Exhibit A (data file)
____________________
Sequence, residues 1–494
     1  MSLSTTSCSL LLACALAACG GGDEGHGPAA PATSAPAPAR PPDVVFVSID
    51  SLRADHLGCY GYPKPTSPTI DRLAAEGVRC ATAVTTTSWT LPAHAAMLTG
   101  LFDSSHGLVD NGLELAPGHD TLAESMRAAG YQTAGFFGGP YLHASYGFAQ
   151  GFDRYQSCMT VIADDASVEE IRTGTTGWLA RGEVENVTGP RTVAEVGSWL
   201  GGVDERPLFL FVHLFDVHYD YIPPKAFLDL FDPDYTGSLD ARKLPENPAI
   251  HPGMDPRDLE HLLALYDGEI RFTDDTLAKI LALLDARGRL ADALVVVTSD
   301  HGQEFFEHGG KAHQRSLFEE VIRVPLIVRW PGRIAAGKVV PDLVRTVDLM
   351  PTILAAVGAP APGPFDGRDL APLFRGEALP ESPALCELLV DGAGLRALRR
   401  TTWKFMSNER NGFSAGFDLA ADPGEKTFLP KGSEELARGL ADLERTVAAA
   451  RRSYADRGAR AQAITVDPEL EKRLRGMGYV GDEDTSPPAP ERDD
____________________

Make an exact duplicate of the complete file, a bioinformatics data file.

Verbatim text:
Sequence, residues 1–494
     1  MSLSTTSCSL LLACALAACG GGDEGHGPAA PATSAPAPAR PPDVVFVSID
    51  SLRADHLGCY GYPKPTSPTI DRLAAEGVRC ATAVTTTSWT LPAHAAMLTG
   101  LFDSSHGLVD NGLELAPGHD TLAESMRAAG YQTAGFFGGP YLHASYGFAQ
   151  GFDRYQSCMT VIADDASVEE IRTGTTGWLA RGEVENVTGP RTVAEVGSWL
   201  GGVDERPLFL FVHLFDVHYD YIPPKAFLDL FDPDYTGSLD ARKLPENPAI
   251  HPGMDPRDLE HLLALYDGEI RFTDDTLAKI LALLDARGRL ADALVVVTSD
   301  HGQEFFEHGG KAHQRSLFEE VIRVPLIVRW PGRIAAGKVV PDLVRTVDLM
   351  PTILAAVGAP APGPFDGRDL APLFRGEALP ESPALCELLV DGAGLRALRR
   401  TTWKFMSNER NGFSAGFDLA ADPGEKTFLP KGSEELARGL ADLERTVAAA
   451  RRSYADRGAR AQAITVDPEL EKRLRGMGYV GDEDTSPPAP ERDD